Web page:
Last Stand for the Garden of Eden

Post date: 
27 Aug 2019 - 12:00
Type: 
Other News
Last Stand for the Garden of Eden
16/08/19
 
 
The riot of roads exploding across our planet—bringing with it tsunamis of habitat destruction and biodiversity loss—at times seems almost unstoppable. 
 
But there are some places so special, such as Manu National Park in Peru, that should remain free of the Pandora’s box of disruption that roads bring. 
 
The most biodiverse place on Earth
To wake at dawn under the forest canopy in Manu National Park is to experience Life.  Every niche, nook, and cranny is filled with it. 
 
The deep chorus of howler monkeys in morning pounds through your chest.  Over 800 species of birds fill the trees.  Alligator-like caiman roar in the oxbow lakes, while endangered giant otters gather in playful gangs. 
 
Jaguars are almost common here—some 6,000 of the giant cats are thought to prowl about the Park—and are one of 13 different cat species in this global biodiversity hotspot that just might be the most profound expression of life on Earth.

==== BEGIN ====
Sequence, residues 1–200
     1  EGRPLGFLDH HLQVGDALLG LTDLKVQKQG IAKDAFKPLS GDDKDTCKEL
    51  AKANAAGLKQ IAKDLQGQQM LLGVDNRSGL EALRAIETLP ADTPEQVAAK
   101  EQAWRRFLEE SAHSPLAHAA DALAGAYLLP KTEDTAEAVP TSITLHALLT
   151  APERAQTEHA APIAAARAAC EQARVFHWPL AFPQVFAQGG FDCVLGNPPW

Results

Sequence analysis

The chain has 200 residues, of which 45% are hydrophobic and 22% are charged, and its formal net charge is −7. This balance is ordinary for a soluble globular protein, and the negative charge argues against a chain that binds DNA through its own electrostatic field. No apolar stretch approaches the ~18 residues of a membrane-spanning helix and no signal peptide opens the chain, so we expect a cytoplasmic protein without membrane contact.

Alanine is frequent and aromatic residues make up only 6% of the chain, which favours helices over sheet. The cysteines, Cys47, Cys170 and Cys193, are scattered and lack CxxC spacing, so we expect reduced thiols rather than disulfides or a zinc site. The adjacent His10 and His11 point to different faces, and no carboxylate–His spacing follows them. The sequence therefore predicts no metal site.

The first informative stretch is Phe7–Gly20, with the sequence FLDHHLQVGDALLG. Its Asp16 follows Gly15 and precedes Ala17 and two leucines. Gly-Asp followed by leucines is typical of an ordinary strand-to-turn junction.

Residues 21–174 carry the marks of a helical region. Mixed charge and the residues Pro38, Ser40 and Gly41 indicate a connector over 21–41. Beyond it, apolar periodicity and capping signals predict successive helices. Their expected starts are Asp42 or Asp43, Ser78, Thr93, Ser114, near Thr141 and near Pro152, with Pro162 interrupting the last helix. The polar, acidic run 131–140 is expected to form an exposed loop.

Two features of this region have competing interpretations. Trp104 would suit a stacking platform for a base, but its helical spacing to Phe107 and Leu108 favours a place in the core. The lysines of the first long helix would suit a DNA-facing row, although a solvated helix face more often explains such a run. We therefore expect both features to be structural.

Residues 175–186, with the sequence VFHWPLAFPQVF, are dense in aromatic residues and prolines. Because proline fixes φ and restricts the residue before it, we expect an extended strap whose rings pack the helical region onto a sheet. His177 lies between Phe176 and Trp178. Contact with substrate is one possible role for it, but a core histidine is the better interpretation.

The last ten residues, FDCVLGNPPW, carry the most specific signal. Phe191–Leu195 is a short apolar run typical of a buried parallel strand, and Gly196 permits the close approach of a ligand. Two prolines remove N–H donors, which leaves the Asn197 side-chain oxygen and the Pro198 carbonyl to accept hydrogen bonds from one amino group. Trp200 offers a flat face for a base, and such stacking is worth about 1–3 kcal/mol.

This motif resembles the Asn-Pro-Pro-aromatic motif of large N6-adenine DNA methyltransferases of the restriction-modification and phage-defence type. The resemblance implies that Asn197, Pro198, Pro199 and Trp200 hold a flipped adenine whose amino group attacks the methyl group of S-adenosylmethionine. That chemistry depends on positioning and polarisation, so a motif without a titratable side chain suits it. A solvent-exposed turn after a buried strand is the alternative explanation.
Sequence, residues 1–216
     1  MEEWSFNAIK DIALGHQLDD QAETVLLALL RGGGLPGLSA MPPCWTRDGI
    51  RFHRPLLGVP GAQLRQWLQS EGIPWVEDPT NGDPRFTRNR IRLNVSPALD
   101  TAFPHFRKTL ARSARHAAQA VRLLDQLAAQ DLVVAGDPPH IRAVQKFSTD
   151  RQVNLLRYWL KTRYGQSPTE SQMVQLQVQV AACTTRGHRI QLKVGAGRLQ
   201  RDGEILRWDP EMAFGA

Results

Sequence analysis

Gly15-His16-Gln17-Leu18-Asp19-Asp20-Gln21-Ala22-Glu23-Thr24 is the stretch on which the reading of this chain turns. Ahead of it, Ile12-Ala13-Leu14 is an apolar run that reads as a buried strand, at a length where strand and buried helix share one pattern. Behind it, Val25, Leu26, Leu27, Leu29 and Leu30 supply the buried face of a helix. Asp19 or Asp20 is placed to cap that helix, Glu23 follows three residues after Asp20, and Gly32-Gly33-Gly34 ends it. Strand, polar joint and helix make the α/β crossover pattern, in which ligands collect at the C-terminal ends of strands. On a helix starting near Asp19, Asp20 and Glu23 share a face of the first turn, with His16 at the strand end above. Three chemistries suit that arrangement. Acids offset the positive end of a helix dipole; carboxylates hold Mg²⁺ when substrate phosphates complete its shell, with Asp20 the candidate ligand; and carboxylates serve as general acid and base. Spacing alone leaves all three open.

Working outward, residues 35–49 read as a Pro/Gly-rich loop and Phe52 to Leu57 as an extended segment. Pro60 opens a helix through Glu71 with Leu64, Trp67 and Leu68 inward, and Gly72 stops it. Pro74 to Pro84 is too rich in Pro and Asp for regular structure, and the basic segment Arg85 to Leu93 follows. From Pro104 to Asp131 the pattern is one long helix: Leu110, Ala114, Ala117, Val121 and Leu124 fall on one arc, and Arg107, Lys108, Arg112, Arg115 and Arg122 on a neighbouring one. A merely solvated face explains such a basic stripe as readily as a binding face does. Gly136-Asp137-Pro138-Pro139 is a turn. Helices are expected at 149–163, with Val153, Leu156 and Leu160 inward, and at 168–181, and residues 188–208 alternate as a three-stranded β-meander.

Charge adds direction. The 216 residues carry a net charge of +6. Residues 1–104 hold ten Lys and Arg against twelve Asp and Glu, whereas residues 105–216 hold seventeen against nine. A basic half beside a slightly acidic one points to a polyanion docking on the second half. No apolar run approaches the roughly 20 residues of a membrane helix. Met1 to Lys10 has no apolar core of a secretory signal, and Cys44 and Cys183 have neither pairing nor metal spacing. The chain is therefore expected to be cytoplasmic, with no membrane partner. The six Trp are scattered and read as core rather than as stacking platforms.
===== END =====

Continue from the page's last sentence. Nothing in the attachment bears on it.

Manu National Park is the glistening gem in Peru’s protected area network.  The 1.7-million-hectare World Heritage site in the Texas-sized province of Madre de Dios (“Mother of God” in Spanish), is the only park in South America that protects the entire watershed of a major Amazonian tributary, from the high Andes to the Amazonian lowlands. 
 
No roads run through it…
Travel within Manu is by boat or by foot. Uncontacted indigenous people still live there despite the depredations a century ago by a wealthy rubber baron, Carlos Fitzcarrald.  
 
With no access to Manu, Fitzcarrald dismantled an entire steamship and had it portaged through 12 kilometers of unchartered rainforest to the Manu watershed—in the process killing hundreds of indigenous people.  The survivors fled and their decedents remain in voluntary isolation today as uncontacted peoples. 
 
Still no road runs through Manu.  But that could soon change.
 
 
Until now
A new road is being built illegally to the mouth of the Manu River.  This will sweep to the notorious, illegal gold mining fields near Boca Colorado—an environmental and social travesty so bad it drew the ire of Pope Francis.  In a 2018 visit to the region, he decried the illegal gold miners and their “devastating assault on life”. 
 
Mining, illegal loggers, and “agro-industrial monocultivation,” the Pope said, all threaten territories where indigenous people live.  These activities follow roads that slice and dice Earth’s ecosystems. 
 
Nothing on Earth rivals road-building as a threat to nature.  Not even climate change.
 
The road to Manu began encroaching on the region in the 1960s.  It left the adjacent forest in tatters from illegal logging and wildlife poaching—with thousands of giant otters, jaguars, and black caiman killed annually. 
 
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